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Boyfriend's Family is Racist; An Undecided Wife

Oct 5, 1998
Peter Falkenberg Brown

DEAR PETER:
For the past three years, I have been dating an Indian gentleman. We're both in our mid-20s. He's the oldest, and has two sisters and a brother. I'm Black and his mother and sisters hate me. We have never formally met. They have expressed that they're not interested in meeting me because of my race. Nevertheless, I get along well with his brother.

Unfortunately, my boyfriend resides with his family. He lives on one floor and his family occupies the remaining floors. I/We rarely spend time there. I have received harassing calls from his sisters. He confronted his sisters and informed them that I will file a complaint if they contact me again. Since their confrontation, I haven't received any more calls.

However, the situation has become more volatile. Recently, I visited my boyfriend to exchange some items. His mother/sisters came to his apartment and created a 'scene'. My boyfriend informed them to leave, after his mother threw something at me. I ignored them through the entire event and only split apart my boyfriend and sister when their argument became physical. I planned to leave after everything calmed down and went to retrieve my shoes (which I normally leave in the hallway) only to discover they were missing. We found them in a dusty, spider-webbed wall panel.

I have exceeded my tolerance level for his 'family', but haven't given him any ultimatums. Since the last episode, my boyfriend no longer eats any food cooked/bought by his family. He is also washing his own clothes (his mother washes their clothes at the laundromat where she works). I no longer visit him, except to pick him up with my car. He is also looking for a new place to live. What can I do to lessen the stress his family is placing on us? him? Should I do/say anything the next time his family approaches me?

Fed Up Girlfriend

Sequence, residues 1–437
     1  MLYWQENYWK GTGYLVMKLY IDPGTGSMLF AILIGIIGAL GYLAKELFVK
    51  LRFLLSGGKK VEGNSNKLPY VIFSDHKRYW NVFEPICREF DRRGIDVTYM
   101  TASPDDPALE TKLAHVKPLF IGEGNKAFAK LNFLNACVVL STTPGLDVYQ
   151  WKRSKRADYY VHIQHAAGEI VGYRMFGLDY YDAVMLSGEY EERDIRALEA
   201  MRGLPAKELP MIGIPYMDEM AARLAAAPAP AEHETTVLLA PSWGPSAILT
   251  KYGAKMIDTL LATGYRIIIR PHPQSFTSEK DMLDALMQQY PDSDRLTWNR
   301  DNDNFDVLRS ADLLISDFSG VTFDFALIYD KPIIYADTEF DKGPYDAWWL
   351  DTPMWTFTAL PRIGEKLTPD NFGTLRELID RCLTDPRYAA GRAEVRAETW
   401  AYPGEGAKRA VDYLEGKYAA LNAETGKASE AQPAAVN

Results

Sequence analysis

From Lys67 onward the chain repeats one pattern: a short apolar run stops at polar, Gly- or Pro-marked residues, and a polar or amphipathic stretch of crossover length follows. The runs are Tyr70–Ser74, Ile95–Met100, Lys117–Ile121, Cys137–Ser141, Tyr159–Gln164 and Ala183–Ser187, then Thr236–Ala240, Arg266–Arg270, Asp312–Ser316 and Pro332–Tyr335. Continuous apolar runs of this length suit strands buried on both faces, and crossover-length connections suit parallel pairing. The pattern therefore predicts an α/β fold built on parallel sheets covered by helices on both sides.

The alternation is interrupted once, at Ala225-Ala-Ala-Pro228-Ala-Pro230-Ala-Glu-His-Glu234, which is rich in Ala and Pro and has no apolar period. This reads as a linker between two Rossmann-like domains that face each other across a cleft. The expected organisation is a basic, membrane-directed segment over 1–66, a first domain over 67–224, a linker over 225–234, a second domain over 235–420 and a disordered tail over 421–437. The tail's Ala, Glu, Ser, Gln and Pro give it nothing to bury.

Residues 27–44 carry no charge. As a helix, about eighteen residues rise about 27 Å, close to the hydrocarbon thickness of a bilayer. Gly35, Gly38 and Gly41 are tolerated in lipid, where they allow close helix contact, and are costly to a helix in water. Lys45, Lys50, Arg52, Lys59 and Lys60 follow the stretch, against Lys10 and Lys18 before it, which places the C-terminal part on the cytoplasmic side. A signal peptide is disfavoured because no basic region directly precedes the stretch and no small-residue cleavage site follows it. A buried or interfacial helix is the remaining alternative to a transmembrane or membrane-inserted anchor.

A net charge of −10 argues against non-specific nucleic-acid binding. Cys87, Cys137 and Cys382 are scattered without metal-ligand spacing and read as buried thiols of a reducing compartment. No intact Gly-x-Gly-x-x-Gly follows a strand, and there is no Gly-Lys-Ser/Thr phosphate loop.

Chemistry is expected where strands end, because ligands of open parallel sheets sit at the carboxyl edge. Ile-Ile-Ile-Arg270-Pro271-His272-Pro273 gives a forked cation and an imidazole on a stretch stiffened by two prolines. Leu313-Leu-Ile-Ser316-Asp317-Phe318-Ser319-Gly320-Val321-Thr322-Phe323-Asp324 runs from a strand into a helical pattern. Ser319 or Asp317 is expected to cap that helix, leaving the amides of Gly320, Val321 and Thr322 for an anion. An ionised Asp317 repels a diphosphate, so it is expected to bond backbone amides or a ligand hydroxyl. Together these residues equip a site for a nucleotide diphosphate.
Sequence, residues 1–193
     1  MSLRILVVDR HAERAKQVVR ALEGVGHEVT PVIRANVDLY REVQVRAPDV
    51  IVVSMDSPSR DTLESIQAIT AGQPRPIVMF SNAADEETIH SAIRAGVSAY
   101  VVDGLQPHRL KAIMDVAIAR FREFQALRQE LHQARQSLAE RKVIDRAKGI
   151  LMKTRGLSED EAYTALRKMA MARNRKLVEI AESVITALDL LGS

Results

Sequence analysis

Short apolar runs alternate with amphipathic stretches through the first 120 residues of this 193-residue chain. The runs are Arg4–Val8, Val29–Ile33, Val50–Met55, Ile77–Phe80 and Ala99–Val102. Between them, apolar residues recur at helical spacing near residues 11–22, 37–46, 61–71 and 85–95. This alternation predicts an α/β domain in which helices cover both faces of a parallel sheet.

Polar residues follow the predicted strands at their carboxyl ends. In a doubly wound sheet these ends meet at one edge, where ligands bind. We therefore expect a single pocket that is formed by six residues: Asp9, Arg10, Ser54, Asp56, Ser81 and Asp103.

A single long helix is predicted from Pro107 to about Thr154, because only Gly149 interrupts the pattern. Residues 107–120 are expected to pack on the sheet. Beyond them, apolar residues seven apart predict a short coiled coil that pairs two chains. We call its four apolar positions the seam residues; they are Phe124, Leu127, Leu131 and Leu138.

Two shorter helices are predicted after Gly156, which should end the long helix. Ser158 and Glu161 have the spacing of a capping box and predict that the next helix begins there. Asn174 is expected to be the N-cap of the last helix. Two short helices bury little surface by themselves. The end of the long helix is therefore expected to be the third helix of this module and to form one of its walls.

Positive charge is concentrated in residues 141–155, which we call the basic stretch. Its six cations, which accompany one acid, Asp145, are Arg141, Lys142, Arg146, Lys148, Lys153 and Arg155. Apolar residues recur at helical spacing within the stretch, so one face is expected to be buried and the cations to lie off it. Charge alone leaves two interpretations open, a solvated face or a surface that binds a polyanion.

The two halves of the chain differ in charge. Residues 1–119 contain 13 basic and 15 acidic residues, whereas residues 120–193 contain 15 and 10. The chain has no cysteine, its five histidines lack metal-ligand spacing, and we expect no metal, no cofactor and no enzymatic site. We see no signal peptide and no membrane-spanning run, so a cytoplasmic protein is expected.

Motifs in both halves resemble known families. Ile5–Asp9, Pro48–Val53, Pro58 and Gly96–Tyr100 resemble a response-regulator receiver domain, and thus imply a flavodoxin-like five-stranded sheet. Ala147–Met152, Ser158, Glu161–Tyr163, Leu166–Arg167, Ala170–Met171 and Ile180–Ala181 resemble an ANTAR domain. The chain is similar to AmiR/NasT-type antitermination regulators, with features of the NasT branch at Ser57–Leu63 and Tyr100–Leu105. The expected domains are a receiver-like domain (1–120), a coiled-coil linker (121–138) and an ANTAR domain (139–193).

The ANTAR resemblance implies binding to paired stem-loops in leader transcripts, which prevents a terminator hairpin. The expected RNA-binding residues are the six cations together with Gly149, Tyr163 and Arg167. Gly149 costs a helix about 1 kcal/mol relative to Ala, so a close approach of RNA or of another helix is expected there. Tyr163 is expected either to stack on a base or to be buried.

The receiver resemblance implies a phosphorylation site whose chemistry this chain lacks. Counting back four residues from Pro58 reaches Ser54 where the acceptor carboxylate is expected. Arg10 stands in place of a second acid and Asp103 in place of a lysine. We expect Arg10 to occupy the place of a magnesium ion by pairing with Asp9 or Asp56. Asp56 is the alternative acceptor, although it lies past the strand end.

DEAR FED UP GIRLFRIEND,
Normally I would encourage you to try to make harmony with his family, but when a family is taking a very strong, racist stance, I believe that one has to follow the righteous path, even if it costs family relationships. At the same time, it might be productive for your boyfriend to seek out an elder in the Indian community, perhaps a Hindu religious leader, and ask that person to influence your boyfriend's parents to be more tolerant and generous. Perhaps you can meet with the parents with that leader as the mediator. It would be good, after all, if their hearts could be influenced in the right direction.

If nothing works, and you and your boyfriend are committed to a long term relationship, and then marriage, I would recommend that you follow your heart.

DEAR PETER:
My wife left me about 3 months ago. We have an 8 month old daughter. She said that one of the reasons for leaving is that I was happy with [junk] jobs. I'm happy with any jobs I have. But she wanted me to get a real job and my cousin lived in an area (away from home) that has many.

I moved 1200 miles from them, and am now in a strange city without a job or family. When I ask her if she thinks we'll get back together, her opinions vary from day to day...but never no, and sometimes more promising. Am I stupid for trying to follow my heart?

I miss seeing my daughter grow up. I've only been in Denver for 2 weeks and had one interview. It will be our 2nd anniversary on September 14.

Any help is appreciated

Mike

DEAR MIKE:
You're not stupid at all for following your heart. Heart is more important than money or anything else. I would move back to the city where your wife and daughter are, and sit down with your wife and tell her that money can't be the basis for her relationship with you. Doesn't it say, 'for richer or for poorer?'

At the same time, it's easy for wives to feel a lot of stress because of money problems. If she feels that you really need to get a better job, and that the better jobs are in Denver, then she should go with you, with your daughter. Ask her if your daughter cares whether you have money or not. All she wants is her daddy. Stay together at all costs.

Peter Falkenberg Brown is passionate about writing, publishing, public speaking and film. He hopes that someday he can live up to his favorite motto: “Expressing God’s kind and compassionate love in all directions, every second of every day, creates an infinitely expanding sphere of heart.”

~ Deus est auctor amoris et decoris. ~

Follow Peter on Twitter or Facebook:
@falkenbrown - https://twitter.com/falkenbrown
https://www.facebook.com/peterfalkenbergbrown

For news about his books:
http://peterfalkenbergbrown.com or: http://worldcommunitypress.com

Visit Peter's LinkedIn Profile at http://www.linkedin.com/in/peterfalkenbergbrown

View Peter Falkenberg Brown's profile on LinkedIn

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